For far too long, my excuse for not eating something on my “Do Not Eat” list has been that I don’t like it. Anything I deemed too fatty or unhealthy or calorie dense automatically clicked in my head as “I don’t like that.” Need examples? Here you go – roast, salad dressing, butter, white bread, white rice, store bought cookies, Nutella, peanut butter, string cheese, cheese in general, cream cheese – the list could go on. And I also had the foods that I was not allowed to eat during the day, but if I was “good” all day I could eat them at night because I had a calorie bank I still had room to fill for the day. When I write that, even I think, what in the world? That sounds completely ridiculous. What difference does it make if I eat something during the day or if I eat it at night? My therapist helped me see the illogical thought process behind these rules. I will never forget the Saturday at Melrose that I ate breaded chicken for lunch and had to fight ED tooth and nail the rest of the day, riddled by guilt for eating what ED had deemed “off limits.” So in essence, breaded chicken had the power to suck the joy out of my entire day. Holy balls. How did I let the evil-ness of ED run my mind like that? I’ll tell you why. Because ED is strong. ED is sneaky. ED is manipulative. And ED knows the power of guilt and fear. Guilt and fear lead to anxiety. Anxiety needs to be relieved. ED knows the easiest way to relieve that guilt-induced anxiety is to rely on his rules to bring my life back into “order”. Do you notice all of my quotes in this post? Those quotes are around words that I’m realizing are ED’s words. Those are what he put into my mind to manipulate and drive my life. But it happened for so long that I began to see these lies as normal, as my thoughts giving me the power of “health”. ED sucks. And now I know.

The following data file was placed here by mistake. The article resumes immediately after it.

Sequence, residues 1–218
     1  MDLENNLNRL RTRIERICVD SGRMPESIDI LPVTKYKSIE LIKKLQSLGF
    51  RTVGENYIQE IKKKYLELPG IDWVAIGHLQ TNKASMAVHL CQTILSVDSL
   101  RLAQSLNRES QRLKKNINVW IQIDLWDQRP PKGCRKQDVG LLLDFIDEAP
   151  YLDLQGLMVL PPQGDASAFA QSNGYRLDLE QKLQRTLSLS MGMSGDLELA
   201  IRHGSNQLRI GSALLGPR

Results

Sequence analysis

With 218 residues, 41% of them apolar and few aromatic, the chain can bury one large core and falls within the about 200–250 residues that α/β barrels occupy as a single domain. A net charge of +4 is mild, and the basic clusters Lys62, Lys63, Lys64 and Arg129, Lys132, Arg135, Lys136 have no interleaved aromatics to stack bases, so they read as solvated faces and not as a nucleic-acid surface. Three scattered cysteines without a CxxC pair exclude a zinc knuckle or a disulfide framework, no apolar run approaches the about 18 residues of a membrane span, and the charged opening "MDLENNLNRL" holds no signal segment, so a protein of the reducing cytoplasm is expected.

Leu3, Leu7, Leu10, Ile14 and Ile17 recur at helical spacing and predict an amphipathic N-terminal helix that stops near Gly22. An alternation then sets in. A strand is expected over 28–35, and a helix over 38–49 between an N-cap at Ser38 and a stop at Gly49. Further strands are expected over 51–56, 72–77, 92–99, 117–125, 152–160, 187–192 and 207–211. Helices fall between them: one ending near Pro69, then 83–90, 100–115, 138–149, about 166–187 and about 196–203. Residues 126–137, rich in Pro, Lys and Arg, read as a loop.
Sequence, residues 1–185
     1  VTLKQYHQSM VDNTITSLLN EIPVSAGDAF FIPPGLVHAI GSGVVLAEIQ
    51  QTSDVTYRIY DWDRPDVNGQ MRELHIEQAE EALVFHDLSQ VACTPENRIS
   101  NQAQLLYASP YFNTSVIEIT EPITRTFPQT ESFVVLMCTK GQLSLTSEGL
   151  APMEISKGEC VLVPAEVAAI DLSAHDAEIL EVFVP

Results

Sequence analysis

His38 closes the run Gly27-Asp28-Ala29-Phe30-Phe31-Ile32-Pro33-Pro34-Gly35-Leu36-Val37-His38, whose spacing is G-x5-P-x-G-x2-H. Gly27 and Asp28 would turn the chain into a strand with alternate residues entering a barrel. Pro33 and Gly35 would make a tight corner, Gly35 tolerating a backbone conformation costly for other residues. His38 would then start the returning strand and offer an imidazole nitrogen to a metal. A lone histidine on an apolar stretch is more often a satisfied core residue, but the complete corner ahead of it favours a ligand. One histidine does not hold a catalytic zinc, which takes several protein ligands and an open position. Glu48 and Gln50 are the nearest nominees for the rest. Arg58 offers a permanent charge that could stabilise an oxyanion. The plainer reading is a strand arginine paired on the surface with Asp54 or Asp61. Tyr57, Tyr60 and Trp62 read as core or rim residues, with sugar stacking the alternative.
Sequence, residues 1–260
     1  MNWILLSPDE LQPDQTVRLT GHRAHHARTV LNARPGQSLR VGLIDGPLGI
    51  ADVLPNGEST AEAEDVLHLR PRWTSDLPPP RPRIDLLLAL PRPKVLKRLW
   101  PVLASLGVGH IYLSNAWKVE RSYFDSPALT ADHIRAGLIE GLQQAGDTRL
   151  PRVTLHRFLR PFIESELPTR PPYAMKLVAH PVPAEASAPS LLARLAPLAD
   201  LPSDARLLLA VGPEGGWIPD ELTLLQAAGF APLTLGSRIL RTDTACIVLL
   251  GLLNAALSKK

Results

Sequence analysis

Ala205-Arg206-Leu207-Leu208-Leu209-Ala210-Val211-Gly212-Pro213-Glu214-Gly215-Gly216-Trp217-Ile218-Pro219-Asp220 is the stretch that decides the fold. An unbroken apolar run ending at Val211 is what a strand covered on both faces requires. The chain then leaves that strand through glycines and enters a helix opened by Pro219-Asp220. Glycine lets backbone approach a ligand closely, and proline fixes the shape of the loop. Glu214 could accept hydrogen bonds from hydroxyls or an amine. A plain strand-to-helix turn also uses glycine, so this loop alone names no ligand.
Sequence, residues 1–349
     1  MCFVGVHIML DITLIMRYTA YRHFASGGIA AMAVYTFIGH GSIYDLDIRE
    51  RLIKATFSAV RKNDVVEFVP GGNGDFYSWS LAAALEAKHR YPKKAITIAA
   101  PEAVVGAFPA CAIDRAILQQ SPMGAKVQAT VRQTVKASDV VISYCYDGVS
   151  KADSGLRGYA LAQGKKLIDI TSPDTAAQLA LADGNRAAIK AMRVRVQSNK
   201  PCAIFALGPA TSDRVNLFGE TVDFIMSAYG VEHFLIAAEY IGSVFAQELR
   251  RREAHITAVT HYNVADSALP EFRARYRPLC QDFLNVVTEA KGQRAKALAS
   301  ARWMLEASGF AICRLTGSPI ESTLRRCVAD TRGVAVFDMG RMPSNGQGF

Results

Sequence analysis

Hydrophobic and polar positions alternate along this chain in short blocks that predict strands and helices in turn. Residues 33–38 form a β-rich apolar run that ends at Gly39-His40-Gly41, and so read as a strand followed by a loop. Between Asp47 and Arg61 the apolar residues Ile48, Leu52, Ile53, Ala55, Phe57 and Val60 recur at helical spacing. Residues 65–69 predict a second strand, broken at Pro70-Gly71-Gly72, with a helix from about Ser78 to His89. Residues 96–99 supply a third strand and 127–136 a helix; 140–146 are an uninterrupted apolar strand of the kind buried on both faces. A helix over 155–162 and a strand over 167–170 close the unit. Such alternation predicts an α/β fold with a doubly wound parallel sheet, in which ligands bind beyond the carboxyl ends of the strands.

The best part of being home so far has been enjoying meals with my family. And it’s not the evening meal either. I have sat down with my boys to enjoy eggs and sausage for breakfast. I make lunch for my family and instead of me warming up a bowl of veggie soup, I have made turkey bacon ranch wraps and pulled pork sandwiches. I’m from Dutch heritage – I know that food is the heart of community. But not until these few days of being home have I finally truly understood that concept. Where I used to separate myself from my family by eating a separate meal and calling myself “healthy”, I now feel a new unity in sitting down at any meal and being able to enjoy what they do. So far, ED has been beaten down by the sheer joy I have been receiving simply from the act of breaking bread with those I love. We all share the same loaf, and this is making all the difference. ED’s ability to make me feel guilt is weakening because now that I’ve tasted the joy of unity with my family through food, I don’t know how I could ever go back to illogical and ridiculous rules that isolate me from the ones I love the most.